Building lines earns you points: byut the game is far more than this, and there is a nother vital deck of cards I have not yet touched upon – the Tickets. Tickets are destinations, and come in to two types – long routes and other routes. There are only six long routes in the original game, and this is perhaps the only weakness of the game as sold – you soon (after the maybe forty odd games I have now played – I told you it was addictive) -get to know all the long routes off by heart. There is an expansion pack which gives morte destination cards including 9 more long routes, but we have not bought it yet, as the game is very playable without it. These Ticket cards are at the heart of the game: you start with one long route and three short routes, randomly drawn, and get points for connecting these cities. You cn reject a couple if you want, and take a risk and draw more in the game (drawing three of which you must keep one is the third play option on a turn.
The final option is building a station – these allow you to run a service along a short stretch of a rival’s line, say Essen to Kobenhavn (Copenhagen for the Danish impaired among you, and I mean the language not my friends!). This costs you four points at the end of the game, but can be well worth it. There is an excellent tutorial and guide here on the publisher’s website, with loads of photos, a fun video which will show you the basics, , and all kinds of other great stuff.
Winning the Game
The player with the most points at the end wins, and you gain points by laying “track” – for example 1 point for a one stretch, 7 points for a four piece track and 21 points for the 8 piece tunnel between Stockholm and Petrograd (presumably actually a mix of tunnels and ferries, doubt anyone would try and bridge or tunnel under the Baltic there in reality, probably a line through Finalmnd off the top of the map?). Completing tickets earns you more points, and your long route is worth 21 or 20 alone – but if you manage a route from Kobenhavn to Erzurzum in Turkey, Palermo to Moscow, Athens to Edinburgh or Brest to Petrograd to give just three possibilities then you deserve it! Actually these long routes nearly always get completed – if you don’t complete a route, you LOSE the points instead of adding them, so you will lose 40 or 42 points from what you would have had if you made it.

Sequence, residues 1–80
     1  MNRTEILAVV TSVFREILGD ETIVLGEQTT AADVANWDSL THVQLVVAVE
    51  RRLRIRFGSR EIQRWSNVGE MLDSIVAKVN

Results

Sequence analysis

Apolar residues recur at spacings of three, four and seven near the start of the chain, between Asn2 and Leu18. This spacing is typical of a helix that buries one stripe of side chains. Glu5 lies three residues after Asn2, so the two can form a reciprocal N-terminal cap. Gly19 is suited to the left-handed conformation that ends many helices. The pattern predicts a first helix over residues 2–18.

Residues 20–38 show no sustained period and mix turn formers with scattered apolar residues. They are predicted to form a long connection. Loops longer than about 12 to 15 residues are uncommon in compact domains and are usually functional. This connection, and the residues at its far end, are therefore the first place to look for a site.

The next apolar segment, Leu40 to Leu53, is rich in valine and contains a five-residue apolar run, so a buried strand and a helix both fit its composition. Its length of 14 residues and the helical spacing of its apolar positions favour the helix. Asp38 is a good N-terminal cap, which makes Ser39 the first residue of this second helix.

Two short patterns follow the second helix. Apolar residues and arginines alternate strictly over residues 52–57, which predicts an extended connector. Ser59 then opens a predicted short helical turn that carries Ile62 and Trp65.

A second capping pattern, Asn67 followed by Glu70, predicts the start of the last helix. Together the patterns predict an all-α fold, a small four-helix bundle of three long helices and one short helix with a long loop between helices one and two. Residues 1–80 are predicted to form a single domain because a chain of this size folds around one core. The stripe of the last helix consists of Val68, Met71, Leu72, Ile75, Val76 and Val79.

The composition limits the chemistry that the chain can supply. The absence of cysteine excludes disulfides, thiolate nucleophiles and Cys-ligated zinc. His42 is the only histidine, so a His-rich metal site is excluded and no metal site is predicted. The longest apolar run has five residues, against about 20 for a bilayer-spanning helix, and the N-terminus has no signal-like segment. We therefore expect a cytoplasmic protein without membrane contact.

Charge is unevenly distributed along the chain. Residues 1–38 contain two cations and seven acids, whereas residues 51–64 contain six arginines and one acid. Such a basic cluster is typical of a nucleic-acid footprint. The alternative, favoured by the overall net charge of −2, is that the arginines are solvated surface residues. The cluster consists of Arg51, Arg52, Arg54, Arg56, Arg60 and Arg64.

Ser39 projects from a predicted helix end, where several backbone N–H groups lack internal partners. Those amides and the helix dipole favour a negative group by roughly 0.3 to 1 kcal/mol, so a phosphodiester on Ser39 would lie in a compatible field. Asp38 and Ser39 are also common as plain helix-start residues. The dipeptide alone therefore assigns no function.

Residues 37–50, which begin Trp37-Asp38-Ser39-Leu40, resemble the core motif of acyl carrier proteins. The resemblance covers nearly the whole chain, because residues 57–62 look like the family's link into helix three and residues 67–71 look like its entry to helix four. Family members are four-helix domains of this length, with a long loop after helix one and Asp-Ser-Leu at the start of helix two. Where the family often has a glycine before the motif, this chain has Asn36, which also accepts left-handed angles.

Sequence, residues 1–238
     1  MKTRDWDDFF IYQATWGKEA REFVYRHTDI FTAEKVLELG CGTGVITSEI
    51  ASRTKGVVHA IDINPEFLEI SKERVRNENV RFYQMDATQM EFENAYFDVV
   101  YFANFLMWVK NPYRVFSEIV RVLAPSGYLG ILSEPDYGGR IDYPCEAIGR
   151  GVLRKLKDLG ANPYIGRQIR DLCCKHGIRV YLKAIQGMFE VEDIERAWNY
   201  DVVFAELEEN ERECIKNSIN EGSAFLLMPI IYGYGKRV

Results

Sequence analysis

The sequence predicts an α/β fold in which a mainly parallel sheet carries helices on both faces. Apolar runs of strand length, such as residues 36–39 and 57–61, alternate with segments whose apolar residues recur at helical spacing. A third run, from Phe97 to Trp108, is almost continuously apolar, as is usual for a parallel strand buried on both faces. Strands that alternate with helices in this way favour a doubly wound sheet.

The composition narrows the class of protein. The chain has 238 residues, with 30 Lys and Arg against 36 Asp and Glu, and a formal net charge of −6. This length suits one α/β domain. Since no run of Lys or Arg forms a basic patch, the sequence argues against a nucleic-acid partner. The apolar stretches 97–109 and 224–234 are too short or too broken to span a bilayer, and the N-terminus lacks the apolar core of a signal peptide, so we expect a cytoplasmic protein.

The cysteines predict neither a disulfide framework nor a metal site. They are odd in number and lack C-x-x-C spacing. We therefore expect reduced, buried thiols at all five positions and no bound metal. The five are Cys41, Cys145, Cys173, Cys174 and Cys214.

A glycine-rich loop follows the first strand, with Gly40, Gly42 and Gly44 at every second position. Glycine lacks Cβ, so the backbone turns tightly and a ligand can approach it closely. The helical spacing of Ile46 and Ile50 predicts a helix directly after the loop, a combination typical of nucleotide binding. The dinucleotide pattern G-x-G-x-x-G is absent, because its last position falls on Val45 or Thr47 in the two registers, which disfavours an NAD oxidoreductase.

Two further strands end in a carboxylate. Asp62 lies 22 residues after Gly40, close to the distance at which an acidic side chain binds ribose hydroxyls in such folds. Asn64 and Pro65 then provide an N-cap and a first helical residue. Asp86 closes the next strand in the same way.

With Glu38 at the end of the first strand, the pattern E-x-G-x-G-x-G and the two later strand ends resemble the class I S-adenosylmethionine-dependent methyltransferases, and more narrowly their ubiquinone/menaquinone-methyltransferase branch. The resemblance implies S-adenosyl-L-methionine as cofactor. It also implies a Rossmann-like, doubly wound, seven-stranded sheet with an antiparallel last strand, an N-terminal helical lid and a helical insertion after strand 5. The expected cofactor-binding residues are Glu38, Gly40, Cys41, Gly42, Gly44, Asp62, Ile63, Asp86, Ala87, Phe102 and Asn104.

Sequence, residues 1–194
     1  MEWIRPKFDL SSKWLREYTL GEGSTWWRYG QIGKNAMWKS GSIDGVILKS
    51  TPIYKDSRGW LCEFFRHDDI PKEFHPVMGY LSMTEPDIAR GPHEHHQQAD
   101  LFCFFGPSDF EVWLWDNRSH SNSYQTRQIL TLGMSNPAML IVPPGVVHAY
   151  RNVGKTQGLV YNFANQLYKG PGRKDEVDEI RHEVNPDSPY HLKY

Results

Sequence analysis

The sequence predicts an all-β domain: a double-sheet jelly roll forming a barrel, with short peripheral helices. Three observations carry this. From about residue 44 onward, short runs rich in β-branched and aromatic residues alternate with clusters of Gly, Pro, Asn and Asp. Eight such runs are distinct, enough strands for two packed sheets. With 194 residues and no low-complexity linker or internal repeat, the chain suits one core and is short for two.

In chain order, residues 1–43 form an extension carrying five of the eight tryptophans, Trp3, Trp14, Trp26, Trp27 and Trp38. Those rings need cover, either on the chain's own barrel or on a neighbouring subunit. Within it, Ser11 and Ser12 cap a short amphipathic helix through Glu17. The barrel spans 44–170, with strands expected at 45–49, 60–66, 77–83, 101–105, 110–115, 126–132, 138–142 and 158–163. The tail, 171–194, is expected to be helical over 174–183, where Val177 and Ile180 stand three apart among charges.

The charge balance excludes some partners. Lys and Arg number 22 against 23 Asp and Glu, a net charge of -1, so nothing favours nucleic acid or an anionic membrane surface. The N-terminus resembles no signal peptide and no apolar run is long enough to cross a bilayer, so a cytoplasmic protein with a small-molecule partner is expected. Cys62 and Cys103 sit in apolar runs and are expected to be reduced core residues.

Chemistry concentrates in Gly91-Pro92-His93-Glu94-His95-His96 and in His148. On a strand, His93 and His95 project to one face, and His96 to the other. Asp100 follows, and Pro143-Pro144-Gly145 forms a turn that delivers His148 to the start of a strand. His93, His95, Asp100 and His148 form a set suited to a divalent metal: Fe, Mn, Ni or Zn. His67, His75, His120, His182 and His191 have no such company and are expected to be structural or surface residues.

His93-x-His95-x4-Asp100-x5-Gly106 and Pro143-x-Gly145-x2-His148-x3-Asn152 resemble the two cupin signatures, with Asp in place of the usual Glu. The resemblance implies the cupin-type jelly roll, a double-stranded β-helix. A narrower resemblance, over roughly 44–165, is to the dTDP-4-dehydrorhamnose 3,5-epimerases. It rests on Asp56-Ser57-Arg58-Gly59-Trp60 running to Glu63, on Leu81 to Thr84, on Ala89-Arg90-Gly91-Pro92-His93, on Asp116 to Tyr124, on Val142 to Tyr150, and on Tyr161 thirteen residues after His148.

The final source of points if for the longest continual stretch of of track built: ten points. Final scores range from about 150 (by me) to the lowest score I have ever seen, 30, achieved by Ed, though I think Becky managed that on an USA 1901 online game last night!
Fast and absorbing, especially in the 2 player game. Even in the 5 player you are usually busy planning your next move till your turn comes round again, though if another player is absorbed in an interminable text message conversation with a girlfriend on their turn or are a bit slow of understanding owing to being absorbed in something else like say cooking, it can be annoying to have to prompt them – but it’s the same with anything, and such people should be banished from civilisation (to Buxton, I know Ed never reads my blog so he won’t notice this!) anyway.
There is a lot of room for tactics and a large degree of skill, but also with the drawing of cards plenty of room for dumb luck and of the best laid plan to fall through. Careful play can usually mitigate this: Becky still wins most games, but we have all won a few, and DC won his very first game, which may have been through skill. The game is however quite low on interaction: you don’t trade cards, and the only real interaction comes in blocking each other routes by building where someone else needs to go. Experienced players see opportunities to do this more: they know the routes and important bits of track — (hint: the two piece green routes from Frankfurt to Essen and Rostov to Kharkhov are usually worth grabbing fast) — but even if you realise that Bob is building from Athens to Edinburgh, it is not really worth trying to block him, except possibly in 2 player game. You only have 45 pieces of track — and you will need all of them. In online play deliberately blocking someone is considered unsporting by many players anyway: wasting track messing about with your opponents planned routes is rarely worth it anyway, as you are more likely to win by going for your own destinations. I tend to like highly interactive games like Diplomacy: I still love TTR.
How Can I Try It Out for Free?
Go to the publishers website, Days of Wonder. Make sure you have read the rules – I put the link above. If you register on the Days of Wonder site you can play online free, I think four free games, which usually take about twenty to thirty minutes each to complete – online play seems much faster. You should be able to work it out quite quickly, and so long as you understand tunnels and ferries and stations (to play a station online drag and drop a card over the city you want to build on, and hit ok when it asks you: to play track drag and drop card on the route, and to take tickets double click on the Ticket cards.) Look for a game called For Beginners – and remeber that Ticket to Ride USA is the easiest to learn and play (no tunnels stations or ferries to worry about) so start with that. If you like it you can buy the online versions – owning a Days of Wonder boardgame gives you a ten per cent discount, and buying from the US store in dollars it was less than a tenner to buy Ticket to Ride and Ticket to Ride Europe online versions. It might take you a little while to work out how to join a game etc, but the tutorials are excellent and you are made to play a solo game against robot players (bots) first to make sure you get the hang of it when you register. So why not try it? I’m registered as CJ23 on the site, so do add me to your buddies when you join and I’ll play you if we are online at the same time.
Fast, addictive, plenty of strategy and a lot of fun – go play trains!
If you enjoyed this review you may wish to read my review of Agricola here